Amphibians at risk even from low pesticide concentrations
amphibians are fast disappearing and at least one-third of the known species of frogs, toads, salamanders and caecilians, are endangered. Though climate change, pollution and disease have been usually blamed, strong evidence has emerged implicating pesticides for threatening reproduction and development in amphibians. Now, a team of scientists in the us says that even extremely low concentrations of widely used pesticides are harmful.
Led by Tyrone B Hayes of the University of California in Berkeley (font class='UCASE'>ucb), the scientists examined the effects of low concentrations (at 0.1 parts per billion, that farmers use) of pesticide mixture applied to cornfields. They studied nine agro chemicals (four herbicides, including the widely used atrazine, three insecticides and two fungicides) alone and in combinations. They also tested a commercial preparation containing 33 per cent atrazine.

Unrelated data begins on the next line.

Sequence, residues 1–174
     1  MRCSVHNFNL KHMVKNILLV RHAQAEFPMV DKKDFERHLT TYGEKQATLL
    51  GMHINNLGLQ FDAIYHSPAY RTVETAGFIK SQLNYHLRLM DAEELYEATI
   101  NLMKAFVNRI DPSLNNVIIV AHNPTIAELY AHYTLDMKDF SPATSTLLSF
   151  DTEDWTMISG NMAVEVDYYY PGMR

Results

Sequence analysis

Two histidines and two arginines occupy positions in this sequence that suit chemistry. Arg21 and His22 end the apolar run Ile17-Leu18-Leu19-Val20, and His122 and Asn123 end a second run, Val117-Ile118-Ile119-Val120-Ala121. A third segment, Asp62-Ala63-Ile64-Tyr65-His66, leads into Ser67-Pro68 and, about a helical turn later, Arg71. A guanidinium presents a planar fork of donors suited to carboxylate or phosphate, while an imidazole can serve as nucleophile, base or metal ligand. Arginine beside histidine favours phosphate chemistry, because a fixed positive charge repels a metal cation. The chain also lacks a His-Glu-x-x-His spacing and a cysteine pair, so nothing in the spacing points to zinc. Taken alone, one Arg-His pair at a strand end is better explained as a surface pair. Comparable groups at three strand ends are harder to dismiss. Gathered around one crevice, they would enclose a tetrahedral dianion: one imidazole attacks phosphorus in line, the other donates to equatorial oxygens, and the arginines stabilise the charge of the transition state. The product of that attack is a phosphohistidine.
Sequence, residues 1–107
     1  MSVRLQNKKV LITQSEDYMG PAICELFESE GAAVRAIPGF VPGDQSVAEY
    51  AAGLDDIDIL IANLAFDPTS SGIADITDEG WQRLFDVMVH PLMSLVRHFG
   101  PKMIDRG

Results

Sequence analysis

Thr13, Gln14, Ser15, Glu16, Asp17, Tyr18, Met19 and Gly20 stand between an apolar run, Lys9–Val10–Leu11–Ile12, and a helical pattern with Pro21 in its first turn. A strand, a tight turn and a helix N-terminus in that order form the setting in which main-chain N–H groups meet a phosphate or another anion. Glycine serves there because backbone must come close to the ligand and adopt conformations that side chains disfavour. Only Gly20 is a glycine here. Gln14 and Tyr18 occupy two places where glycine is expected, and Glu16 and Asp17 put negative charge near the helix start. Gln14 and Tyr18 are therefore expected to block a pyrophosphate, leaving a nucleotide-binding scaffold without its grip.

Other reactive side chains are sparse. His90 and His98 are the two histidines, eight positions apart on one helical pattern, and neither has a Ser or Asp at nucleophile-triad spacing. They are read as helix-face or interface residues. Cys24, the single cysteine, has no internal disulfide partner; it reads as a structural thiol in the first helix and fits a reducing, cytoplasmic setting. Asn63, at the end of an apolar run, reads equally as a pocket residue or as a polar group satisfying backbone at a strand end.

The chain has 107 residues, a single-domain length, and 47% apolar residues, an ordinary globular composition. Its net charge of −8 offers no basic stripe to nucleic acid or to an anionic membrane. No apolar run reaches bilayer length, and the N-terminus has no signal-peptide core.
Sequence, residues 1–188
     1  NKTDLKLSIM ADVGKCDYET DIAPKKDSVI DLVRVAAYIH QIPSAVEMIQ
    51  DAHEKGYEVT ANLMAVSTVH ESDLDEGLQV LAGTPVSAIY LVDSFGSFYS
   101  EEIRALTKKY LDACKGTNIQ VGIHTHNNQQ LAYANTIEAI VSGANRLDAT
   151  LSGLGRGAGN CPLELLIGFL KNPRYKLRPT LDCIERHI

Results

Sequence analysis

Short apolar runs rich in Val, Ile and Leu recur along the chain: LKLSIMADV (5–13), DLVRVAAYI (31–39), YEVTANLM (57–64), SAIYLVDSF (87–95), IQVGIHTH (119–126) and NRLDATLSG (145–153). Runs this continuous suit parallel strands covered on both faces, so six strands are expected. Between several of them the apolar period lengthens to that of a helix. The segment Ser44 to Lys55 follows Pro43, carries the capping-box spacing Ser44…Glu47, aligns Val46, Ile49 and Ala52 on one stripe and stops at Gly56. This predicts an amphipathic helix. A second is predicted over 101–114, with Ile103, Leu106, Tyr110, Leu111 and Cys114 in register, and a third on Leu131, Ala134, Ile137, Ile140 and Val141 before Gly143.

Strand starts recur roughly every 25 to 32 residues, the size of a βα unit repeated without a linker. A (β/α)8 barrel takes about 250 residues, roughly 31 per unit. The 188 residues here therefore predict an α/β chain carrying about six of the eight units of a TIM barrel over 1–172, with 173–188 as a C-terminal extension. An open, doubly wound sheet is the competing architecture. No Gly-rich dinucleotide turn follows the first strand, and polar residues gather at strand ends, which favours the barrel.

The researchers said that frogs exposed to a mix of pesticides at concentrations used in agricultural fields suffer deadly infections. When tadpoles were exposed in laboratory experiments to each pesticide individually, four per cent, on an average, died before they developed into frogs. But when atrazine was mixed with eight other chemicals to mimic the pesticide combination applied in cornfields, 35 per cent died. And that, the researchers said, suggests the chemicals might be responsible, in part, for the global disappearance of amphibians.
The study reported frogs developing an array of health problems, including meningitis, because the chemicals suppressed their immune systems. They also took longer to develop from tadpoles to frogs, which reduces their chances of survival and likelihood of reproduction if they survived. The study was published in the online version of Environmental Health Perspectives on January 24, 2006.
"Given these adverse effects and the continued increase and use of pesticides in agriculture over the past 50 years, it is likely that pesticides have played and will continue to play a role in amphibian declines," said the researchers.
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